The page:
Hurdy Gurdy:

The Gurdy is like Marmite you either love or hate it.  Nothing in between.

Medieval Fyddle:   (You Tube link)

An instrument from the family of bowed Lyres, this has been around since the 11 century at least.  It is very flexible, as in other bowed instruments, it can be bowed and plucked, but since this one is tuned in a drone tuning, all the strings can be used to provide a background to the tunes.

There are no surviving instruments so reconstruction has had to be from medieval artwork, which is not to scale so it is supposition as to the proportions of the instruments.  This also goes towards the tuning.  I tune mine in a drone tuning as this worked best with the hurdy gurdy’s and bagpipes in the band that I worked with in the past.  It also suited the tunes as well.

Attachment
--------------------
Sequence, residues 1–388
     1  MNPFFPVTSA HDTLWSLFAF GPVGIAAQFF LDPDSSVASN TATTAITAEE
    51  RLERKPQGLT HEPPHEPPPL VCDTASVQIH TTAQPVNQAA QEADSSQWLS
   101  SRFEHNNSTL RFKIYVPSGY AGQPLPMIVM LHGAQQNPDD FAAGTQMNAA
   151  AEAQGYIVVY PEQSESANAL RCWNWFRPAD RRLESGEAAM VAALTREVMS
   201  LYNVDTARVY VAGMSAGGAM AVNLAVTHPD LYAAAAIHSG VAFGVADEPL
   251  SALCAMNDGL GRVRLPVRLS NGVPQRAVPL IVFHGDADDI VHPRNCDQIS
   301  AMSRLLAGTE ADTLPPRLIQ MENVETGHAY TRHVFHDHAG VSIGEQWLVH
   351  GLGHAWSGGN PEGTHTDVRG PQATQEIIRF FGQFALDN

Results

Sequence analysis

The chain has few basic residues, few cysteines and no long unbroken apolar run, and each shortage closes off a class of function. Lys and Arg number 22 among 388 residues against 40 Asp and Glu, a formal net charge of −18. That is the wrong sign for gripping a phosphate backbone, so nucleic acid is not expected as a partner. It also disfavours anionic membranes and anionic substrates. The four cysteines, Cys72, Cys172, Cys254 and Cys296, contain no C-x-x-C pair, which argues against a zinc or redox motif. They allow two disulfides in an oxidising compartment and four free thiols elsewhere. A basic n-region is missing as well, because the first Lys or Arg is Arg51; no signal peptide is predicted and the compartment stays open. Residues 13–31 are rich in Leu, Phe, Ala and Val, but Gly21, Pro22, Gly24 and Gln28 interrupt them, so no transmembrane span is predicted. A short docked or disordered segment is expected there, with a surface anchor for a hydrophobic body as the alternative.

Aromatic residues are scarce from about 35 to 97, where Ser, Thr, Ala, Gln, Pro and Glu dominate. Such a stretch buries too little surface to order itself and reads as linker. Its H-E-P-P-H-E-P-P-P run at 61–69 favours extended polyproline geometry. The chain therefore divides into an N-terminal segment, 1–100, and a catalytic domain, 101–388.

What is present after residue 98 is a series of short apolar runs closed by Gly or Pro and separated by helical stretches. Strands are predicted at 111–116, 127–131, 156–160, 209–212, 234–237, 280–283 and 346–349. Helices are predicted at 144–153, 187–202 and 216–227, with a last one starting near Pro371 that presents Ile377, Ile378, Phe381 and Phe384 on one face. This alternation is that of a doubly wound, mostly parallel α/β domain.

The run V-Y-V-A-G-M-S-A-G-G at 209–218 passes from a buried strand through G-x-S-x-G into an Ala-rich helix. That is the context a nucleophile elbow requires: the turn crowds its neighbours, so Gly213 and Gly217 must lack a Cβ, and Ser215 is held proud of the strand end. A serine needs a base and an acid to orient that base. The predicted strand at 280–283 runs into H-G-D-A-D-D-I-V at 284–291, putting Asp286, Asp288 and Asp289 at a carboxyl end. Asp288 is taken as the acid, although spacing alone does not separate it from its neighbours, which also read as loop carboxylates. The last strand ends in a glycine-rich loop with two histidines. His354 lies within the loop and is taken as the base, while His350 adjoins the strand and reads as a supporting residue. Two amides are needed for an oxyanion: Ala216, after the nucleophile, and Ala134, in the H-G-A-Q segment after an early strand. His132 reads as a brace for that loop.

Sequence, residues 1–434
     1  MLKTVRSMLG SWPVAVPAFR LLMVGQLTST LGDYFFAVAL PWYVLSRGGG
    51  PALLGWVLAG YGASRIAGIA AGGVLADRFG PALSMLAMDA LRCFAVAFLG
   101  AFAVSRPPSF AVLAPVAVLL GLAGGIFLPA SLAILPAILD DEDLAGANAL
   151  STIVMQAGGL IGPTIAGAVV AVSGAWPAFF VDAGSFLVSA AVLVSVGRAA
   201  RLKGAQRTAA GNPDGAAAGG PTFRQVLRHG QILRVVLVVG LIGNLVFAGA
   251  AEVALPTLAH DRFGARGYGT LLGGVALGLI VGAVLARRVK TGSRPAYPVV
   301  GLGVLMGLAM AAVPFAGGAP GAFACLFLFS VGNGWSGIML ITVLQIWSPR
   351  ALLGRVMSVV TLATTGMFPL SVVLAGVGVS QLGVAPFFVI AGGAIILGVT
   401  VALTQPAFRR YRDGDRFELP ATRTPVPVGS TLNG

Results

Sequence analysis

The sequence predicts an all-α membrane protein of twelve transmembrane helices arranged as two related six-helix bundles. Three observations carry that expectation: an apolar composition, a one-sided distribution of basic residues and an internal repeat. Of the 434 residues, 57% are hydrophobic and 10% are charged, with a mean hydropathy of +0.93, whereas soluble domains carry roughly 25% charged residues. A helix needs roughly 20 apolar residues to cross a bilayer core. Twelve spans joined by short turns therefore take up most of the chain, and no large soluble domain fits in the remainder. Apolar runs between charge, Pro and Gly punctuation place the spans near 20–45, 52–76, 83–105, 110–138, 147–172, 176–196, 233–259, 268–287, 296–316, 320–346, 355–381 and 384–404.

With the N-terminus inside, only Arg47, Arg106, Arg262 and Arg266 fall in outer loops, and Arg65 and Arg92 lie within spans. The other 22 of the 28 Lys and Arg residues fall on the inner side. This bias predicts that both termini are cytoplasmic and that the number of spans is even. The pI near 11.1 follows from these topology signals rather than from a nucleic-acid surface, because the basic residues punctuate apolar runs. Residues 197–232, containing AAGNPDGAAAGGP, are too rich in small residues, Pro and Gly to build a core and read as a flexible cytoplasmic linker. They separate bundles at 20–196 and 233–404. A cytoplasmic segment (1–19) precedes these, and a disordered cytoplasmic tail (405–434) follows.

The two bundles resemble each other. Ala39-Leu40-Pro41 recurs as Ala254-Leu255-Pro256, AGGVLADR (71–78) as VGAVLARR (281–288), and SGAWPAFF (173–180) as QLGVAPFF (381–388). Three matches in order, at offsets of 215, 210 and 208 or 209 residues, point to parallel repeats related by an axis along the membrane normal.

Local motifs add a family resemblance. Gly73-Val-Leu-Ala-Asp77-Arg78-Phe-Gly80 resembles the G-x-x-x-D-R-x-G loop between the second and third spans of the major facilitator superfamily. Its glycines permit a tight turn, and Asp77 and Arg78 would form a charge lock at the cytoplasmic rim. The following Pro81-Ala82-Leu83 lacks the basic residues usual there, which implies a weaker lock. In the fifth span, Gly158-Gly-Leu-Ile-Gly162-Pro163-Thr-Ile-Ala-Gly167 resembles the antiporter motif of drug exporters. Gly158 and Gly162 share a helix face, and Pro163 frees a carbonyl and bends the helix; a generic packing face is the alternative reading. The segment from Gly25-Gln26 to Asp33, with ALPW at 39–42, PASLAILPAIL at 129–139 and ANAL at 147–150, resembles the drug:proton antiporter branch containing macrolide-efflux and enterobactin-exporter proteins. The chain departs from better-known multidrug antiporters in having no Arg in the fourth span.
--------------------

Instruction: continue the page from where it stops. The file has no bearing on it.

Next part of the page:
This is a Crumhorn, and instrument which originally would have been made using a straight pipe and a goats horn on the end to provide a megaphone type effect.  Hence when it was copied in wood, the end got turned up (or that is one theory).  The name Crumhorn, is from an old German word “crum” meaning curved, and in English we still use the word as in cow with the Crumpled horn.  They were used in consort, instruments of different sizes playing part music.  In particular they were also used to accompany/keep in check, choirs during services.

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